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How the Night Time Industries Association met 2020 challenges head-on

Looking back on the year, Mike told Bars and Clubs: “The NTIA has just turned two years old and we finished our first AGM on February 20. And looking back on that we had the bushfires and we were saying this coronavirus, this could be a thing.

“We had all this optimism about getting scale and growing and then at the end of February, beginning of March the restrictions started happening.

“But I remember thinking we really needed to help smaller businesses. The larger scale businesses with different revenue schemes got cash flow relief from the Government straight away, but the small businesses that were cash businesses were just getting haemorrhaged so we jumped on that.”

That was where the Keep Our Venues Alive campaign kicked off, which Mike explained was really a campaign to get “hospitality front and centre”.

“It’s everywhere now, but at the time it took a while for government to think about the sector. If you think about some of the first bailouts it was Qantas and hospitality as a sector didn’t register, and I think it suffered from its lack of unity.


“One of the things you learn, particularly during a crisis is the more you can get onto the same page with other stakeholders, the more government will listen to you. Our work at the NTIA has been to try to better align whatever parts of the sector we can and I think we’ve achieved that.”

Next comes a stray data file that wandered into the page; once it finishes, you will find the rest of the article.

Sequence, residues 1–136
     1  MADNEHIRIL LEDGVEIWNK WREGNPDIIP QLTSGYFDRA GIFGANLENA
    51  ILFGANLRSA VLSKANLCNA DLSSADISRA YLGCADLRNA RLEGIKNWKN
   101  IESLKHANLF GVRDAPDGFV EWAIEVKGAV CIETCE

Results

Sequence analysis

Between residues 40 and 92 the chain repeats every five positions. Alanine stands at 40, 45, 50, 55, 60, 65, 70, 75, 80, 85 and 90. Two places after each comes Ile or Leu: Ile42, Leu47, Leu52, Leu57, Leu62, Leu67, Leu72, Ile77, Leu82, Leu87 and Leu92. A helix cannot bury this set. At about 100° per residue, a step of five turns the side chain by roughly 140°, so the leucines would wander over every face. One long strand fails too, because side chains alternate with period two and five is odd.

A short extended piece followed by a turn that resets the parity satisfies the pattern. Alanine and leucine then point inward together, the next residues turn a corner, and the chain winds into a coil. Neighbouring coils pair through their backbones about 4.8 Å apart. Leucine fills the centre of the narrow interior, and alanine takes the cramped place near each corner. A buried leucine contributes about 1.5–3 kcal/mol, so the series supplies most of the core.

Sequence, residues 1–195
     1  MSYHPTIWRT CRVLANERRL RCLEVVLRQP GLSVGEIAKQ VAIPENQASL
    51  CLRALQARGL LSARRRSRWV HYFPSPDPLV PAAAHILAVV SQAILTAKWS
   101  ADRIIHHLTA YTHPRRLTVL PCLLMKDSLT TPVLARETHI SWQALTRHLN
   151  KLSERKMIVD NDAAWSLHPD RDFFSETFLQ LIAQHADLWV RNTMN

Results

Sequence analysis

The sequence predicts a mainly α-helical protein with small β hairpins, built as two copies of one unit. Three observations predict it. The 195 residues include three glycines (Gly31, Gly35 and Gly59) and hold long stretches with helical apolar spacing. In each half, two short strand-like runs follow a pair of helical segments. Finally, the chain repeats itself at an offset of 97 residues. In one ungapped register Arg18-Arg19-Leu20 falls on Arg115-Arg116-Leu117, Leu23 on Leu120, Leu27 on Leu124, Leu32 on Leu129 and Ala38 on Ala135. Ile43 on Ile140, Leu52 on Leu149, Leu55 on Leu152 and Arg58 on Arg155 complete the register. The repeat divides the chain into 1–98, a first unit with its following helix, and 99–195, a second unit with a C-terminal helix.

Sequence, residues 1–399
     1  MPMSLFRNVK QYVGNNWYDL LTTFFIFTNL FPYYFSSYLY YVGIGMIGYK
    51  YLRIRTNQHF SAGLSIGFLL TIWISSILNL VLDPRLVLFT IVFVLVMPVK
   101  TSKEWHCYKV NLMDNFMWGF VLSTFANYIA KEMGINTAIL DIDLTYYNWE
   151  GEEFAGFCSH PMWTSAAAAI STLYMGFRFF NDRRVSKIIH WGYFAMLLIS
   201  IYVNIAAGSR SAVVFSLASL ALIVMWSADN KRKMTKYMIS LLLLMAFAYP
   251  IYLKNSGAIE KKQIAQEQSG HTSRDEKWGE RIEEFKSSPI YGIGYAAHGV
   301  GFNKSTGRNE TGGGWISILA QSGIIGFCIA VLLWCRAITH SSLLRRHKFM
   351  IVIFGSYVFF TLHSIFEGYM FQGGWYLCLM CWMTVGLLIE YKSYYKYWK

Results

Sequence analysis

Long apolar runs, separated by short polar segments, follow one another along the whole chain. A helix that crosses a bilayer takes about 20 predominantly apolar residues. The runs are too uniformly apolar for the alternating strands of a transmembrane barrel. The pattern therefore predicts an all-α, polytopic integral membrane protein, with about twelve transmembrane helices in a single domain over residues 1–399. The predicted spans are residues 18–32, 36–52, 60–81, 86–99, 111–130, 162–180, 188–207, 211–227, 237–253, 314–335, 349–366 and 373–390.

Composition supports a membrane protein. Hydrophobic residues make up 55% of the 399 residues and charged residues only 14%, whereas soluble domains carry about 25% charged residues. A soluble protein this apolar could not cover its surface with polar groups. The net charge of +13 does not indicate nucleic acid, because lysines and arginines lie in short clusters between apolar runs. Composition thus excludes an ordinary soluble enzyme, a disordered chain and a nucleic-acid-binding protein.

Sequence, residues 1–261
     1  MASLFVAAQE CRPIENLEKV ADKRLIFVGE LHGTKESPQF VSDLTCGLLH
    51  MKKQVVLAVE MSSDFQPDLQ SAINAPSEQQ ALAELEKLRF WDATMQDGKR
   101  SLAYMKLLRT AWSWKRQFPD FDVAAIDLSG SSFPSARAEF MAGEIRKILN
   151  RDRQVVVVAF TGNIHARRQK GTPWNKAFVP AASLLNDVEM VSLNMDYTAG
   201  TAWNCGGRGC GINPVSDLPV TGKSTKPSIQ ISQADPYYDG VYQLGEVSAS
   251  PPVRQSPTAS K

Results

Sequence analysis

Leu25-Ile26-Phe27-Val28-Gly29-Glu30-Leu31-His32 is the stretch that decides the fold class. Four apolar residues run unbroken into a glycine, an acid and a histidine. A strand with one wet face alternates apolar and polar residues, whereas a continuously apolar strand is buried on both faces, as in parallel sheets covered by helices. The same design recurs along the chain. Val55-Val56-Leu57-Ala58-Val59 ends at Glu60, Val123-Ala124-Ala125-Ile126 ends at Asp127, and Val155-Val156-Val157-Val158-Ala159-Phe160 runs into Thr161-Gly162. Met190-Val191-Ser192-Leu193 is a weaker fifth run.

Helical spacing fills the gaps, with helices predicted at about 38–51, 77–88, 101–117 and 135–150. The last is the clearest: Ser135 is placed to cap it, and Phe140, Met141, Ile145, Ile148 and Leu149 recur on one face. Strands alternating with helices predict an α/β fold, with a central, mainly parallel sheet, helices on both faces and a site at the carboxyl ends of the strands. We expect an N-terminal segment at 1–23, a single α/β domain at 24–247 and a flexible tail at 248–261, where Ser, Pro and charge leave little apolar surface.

Additionally an important function or aim of the NTIA has been to shift the focus of the night-time economy, particularly in New South Wales, so encompass more than just alcohol, pubs and bars.

“I think at its most broad, what the NTIA is trying to do is manage the narrative around the importance of the 24-hour economy and not making it solely about alcohol, which is one of the common misconceptions.

“If you think about the average age of the decision makers in government and people’s experience with going out at night. If you say ‘open 24 hours’ they think people are going to drink for 24 hours. It’s not about that, it’s about having an economy that can function as an economy for up to 24 hours a day.

“Because we tend to focus on the day part of the economy rather than the night-time, the natural position becomes ‘this is all about alcohol’ but it is far from that.”

For instance Mike suggests that the 24 hour economy should be looked at as a strategy for stimulating growth outside of traditional dining out precincts and embrace cultures. Look at Chinese New Year, a time not about drinking culture but something that has been embrace by Sydneysiders.

“Could you imagine if the city said we’ll encourage Ramadan to be celebrated in Botanic Gardens and the foreshore. We’re going to allow Middle Eastern barbecue. That’s an alcohol free festival on Sydney’s foreshore.

“These are the kind of things we’re talking about with diversity. Diversity isn’t easy, it’s challenging for everyone. So how that conversation between community groups and government to make things like that happen? The answer is the Night Time Industries Association.”


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